You've already told me your name in the 'From' field of the e-mail. I've read it, which is one of the reasons I opened your mail.

Next you've also told me "Hot picks for April! Exciting new Summer Collections." in your subject line. I've read that too and that is the other reason why I opened your mail.

And what do I see?

A bold header repeating "Hot picks of the month" again. I already know that. Can we cut to the chase? Could you please let me see what I opened to see?

Oh. I have to scroll to do that? Mmmm.

Know something? You could have easily lost me. Your whole point in sending me this e-mailer would have been wasted, had I not scrolled down. Had I not ignored the repeated headline pitch. If you had hooked me at my perceived moment of gratification, which was as soon as I opened the mail in anticipation, you would have made a soft conversion. (I say soft because I hardly buy clothes online. I like the touch and feel shopping experience better).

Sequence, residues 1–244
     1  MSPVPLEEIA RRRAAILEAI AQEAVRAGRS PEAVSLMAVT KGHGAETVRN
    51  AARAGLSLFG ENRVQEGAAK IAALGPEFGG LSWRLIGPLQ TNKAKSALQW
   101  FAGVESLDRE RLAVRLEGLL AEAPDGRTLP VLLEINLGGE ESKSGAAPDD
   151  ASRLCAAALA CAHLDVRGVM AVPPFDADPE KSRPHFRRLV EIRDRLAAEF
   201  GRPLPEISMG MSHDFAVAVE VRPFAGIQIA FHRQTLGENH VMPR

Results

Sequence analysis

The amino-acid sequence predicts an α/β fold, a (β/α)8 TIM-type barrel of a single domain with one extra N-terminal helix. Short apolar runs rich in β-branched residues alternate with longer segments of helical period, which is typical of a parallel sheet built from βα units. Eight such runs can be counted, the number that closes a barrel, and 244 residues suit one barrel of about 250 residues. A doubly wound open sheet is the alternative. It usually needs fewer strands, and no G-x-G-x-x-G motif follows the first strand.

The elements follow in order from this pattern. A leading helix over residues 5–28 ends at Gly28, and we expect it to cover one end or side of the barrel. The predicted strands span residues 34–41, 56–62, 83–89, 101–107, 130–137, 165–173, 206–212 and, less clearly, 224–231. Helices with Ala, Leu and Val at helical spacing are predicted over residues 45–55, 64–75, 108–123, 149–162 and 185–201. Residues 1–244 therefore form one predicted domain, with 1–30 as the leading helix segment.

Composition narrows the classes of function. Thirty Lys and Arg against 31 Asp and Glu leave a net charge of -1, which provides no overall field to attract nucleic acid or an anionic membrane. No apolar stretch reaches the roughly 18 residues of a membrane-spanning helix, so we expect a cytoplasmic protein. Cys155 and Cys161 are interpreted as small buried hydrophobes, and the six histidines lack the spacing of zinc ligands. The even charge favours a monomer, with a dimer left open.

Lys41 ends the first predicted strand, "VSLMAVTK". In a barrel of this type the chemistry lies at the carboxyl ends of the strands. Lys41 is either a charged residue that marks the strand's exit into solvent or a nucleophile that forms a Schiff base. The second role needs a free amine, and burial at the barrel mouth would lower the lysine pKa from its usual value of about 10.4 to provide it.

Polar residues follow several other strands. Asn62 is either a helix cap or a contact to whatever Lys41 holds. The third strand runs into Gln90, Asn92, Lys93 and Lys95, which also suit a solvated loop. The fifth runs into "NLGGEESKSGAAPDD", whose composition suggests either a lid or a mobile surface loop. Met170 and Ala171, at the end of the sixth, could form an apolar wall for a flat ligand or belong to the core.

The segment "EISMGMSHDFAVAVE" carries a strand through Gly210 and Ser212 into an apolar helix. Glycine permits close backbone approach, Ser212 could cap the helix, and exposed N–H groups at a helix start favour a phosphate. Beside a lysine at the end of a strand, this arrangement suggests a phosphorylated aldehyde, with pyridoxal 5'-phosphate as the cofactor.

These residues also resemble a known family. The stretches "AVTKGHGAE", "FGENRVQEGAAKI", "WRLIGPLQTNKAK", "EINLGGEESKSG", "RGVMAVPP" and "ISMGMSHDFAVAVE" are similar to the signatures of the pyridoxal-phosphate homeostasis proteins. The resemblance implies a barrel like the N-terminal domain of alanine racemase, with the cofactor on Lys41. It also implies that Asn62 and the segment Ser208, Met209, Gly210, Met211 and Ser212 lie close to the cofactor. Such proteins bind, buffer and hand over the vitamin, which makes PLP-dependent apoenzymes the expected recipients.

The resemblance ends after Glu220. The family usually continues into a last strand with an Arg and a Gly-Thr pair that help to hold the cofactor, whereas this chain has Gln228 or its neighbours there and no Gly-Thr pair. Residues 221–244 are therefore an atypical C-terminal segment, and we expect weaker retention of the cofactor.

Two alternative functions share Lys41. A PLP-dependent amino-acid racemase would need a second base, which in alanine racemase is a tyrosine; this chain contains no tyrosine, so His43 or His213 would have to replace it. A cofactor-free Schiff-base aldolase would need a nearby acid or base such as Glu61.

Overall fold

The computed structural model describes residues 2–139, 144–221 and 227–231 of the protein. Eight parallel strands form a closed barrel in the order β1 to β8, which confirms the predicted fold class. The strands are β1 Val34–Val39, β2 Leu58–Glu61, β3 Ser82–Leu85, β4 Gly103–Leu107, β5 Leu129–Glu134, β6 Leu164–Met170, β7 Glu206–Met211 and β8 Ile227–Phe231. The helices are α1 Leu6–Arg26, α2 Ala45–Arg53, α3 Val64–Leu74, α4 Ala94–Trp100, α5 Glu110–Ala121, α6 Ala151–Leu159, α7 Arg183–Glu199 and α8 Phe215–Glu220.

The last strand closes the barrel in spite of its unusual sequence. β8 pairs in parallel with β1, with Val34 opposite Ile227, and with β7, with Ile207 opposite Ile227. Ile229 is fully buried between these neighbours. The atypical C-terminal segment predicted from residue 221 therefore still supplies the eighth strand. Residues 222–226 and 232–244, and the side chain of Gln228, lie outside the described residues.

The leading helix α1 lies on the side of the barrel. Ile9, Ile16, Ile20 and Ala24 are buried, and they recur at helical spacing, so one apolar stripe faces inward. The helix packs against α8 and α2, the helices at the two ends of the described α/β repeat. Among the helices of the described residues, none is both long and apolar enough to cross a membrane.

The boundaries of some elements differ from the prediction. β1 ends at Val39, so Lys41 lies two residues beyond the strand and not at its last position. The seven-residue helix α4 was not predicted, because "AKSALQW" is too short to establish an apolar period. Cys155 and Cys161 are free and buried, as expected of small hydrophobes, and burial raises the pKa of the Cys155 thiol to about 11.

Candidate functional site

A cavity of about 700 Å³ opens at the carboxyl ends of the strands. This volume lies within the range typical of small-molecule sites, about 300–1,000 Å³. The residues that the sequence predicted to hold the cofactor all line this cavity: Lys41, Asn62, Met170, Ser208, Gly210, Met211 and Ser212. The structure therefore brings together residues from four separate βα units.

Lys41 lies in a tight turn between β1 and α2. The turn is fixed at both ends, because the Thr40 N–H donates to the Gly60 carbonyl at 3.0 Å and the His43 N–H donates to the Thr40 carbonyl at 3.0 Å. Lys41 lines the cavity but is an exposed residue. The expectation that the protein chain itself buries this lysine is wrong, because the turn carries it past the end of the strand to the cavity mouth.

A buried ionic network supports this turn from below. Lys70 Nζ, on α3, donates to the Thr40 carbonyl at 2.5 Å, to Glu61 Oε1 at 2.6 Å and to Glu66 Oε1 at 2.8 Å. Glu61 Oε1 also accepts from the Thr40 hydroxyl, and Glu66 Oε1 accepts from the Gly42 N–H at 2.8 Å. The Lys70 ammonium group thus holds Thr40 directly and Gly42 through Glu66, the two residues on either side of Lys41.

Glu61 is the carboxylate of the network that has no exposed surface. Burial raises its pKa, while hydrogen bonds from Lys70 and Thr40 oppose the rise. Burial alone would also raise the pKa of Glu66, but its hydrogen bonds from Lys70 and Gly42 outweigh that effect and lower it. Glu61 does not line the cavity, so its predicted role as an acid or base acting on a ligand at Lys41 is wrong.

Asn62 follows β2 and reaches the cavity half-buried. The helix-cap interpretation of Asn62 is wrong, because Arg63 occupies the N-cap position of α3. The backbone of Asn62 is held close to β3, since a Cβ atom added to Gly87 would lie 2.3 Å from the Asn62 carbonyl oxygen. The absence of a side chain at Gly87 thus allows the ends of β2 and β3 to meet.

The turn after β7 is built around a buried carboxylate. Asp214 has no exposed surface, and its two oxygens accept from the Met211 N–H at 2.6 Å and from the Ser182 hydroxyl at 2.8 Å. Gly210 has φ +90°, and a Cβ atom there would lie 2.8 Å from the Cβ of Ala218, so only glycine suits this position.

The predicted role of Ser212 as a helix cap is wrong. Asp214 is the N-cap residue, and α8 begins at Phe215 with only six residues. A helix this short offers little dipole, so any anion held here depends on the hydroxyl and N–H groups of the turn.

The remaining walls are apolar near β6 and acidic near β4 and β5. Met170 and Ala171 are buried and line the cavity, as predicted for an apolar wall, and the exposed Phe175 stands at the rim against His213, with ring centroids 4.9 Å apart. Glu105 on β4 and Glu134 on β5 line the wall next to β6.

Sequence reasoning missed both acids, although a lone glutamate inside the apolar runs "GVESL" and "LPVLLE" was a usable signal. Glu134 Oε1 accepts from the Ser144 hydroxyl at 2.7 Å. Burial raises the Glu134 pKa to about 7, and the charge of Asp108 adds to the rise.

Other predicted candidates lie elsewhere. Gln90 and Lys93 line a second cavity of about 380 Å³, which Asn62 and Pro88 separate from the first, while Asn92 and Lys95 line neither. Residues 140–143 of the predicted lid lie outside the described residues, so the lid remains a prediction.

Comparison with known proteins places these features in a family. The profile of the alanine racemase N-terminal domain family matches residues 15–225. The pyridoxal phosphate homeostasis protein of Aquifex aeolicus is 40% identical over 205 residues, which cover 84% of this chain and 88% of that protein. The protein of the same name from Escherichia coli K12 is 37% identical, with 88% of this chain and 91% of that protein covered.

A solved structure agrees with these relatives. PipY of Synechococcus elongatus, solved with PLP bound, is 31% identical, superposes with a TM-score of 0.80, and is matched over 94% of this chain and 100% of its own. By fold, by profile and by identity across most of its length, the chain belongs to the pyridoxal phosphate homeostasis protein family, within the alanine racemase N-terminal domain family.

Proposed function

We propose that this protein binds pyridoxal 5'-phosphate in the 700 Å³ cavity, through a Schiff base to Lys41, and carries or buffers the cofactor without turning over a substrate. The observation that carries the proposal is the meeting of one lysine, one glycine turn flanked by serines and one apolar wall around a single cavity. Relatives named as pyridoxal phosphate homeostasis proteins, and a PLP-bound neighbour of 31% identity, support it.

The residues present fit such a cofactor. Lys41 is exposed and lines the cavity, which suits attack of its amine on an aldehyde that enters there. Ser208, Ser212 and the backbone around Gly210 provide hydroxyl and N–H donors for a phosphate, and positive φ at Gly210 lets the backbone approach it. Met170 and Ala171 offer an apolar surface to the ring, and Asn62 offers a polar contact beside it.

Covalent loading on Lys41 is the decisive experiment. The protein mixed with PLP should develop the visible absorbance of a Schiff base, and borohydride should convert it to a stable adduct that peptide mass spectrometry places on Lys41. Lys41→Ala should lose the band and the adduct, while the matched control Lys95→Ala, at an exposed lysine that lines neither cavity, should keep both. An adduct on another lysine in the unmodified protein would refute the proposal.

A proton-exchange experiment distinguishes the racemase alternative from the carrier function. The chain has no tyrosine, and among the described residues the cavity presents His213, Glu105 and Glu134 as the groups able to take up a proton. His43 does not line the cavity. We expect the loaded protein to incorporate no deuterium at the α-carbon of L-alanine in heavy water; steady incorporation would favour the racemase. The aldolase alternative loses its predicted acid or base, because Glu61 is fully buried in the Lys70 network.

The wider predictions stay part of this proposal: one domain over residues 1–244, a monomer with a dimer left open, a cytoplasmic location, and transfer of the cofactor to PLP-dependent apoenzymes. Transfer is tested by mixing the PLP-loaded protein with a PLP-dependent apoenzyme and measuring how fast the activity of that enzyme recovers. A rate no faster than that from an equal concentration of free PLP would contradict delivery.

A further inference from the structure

But you would have scored never-the-less. Pin It Now!

So that's how 'clicks' are measured!

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I use frequently. Like I just did to shorten the URL of my blog post, the one below this post. Ten minutes later I'd registered 3 clicks.

And then for some reason I clicked on my post link on It opened my blog post in the same window. So I clicked the back button on my browser to go back to and... tada! My click count had risen to four. So I did this little 'click and back' thing another 4 times.

Guess what? clocked 4 new clicks to my post.

And all this while I was thinking it was impossible to register more than one click for a single IP address for such counts. Pin It Now!

Technorati too? Or am I missing a point?

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If search is king and therefore tags and categories important to any Internet property, isn't it natural to have category suggestions for submission of websites to be as broad as reasonably possible? Or so one would think.